Small molecules can also be used as ligands. Methods for identifying such ligands are known in the art. For example in vitro screening of small molecule libraries, including combinatorial libraries, and computer-based screening, e.g., to identify small organic compounds that bind to concave surfaces (pockets) of proteins, can identify small molecule ligands for numerous proteins of interest (Huang, Z., Pharm. &Ther. 86: 201-215, 2000).

In certain embodiments of the invention binding moieties are not proteins or molecules that are typically used as carriers and conjugated to antigens for the purpose of raising antibodies. Examples are carrier proteins or molecules such as bovine serum albumin, keyhole limpet hemocyanin, bovine gamma globulin, and diphtheria toxin. In certain embodiments of the invention the cell binding moiety is not an Fc portion of an immunoglobulin molecule. However, in other embodiments any of these agents can be used as binding moieties.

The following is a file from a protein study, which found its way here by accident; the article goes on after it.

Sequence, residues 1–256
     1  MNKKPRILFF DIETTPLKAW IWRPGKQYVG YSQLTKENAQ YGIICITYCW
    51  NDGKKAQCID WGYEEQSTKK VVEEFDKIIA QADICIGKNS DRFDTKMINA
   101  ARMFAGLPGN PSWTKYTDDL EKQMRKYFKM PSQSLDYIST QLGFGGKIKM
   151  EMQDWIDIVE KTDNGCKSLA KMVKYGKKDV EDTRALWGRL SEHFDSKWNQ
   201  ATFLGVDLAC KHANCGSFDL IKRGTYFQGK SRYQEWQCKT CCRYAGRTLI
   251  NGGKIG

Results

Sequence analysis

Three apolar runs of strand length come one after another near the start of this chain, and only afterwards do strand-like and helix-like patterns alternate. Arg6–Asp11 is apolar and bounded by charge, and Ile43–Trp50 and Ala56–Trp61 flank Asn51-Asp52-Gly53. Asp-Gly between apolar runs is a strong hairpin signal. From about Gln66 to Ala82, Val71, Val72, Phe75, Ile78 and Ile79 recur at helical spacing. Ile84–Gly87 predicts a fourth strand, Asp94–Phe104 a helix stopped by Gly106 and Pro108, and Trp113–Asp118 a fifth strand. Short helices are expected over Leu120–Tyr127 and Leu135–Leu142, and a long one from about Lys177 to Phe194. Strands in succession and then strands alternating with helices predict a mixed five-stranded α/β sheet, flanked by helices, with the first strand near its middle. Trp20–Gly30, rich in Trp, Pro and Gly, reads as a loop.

Methods for covalently or noncovalently linking a GPCRA to a binding moiety are known in the art and are described in U.S. Ser. No. 10/923,940. General methods for conjugation and cross-linking are described in “Cross-Linking”, Pierce Chemical Technical Library, available at the Web site having URL www.piercenet.com and originally published in the 1994-95 Pierce Catalog and references cited therein, in Wong S S, Chemistry of Protein Conjugation and Crosslinking, CRC Press Publishers, Boca Raton, 1991; and G. T. Hermanson, Bioconjugate Techniques, Academic Press, Inc., 1995. See also, Allen, T. M., Nature Reviews Cancer, 2, 750-763, 2002, which describes methods of making targeted therapeutic agents. For example, according to certain embodiments of the invention a bifunctional crosslinking reagent is used to couple a GPCRA with an antibody or ligand. In general, bifunctional crosslinking reagents contain two reactive groups, thereby providing a means of covalently linking two target groups. The reactive groups in a chemical crosslinking reagent typically belong to various classes including succinimidyl esters, maleimides, pyridyldisulfides, and iodoacetamides. Bifunctional chelating agents may also be used.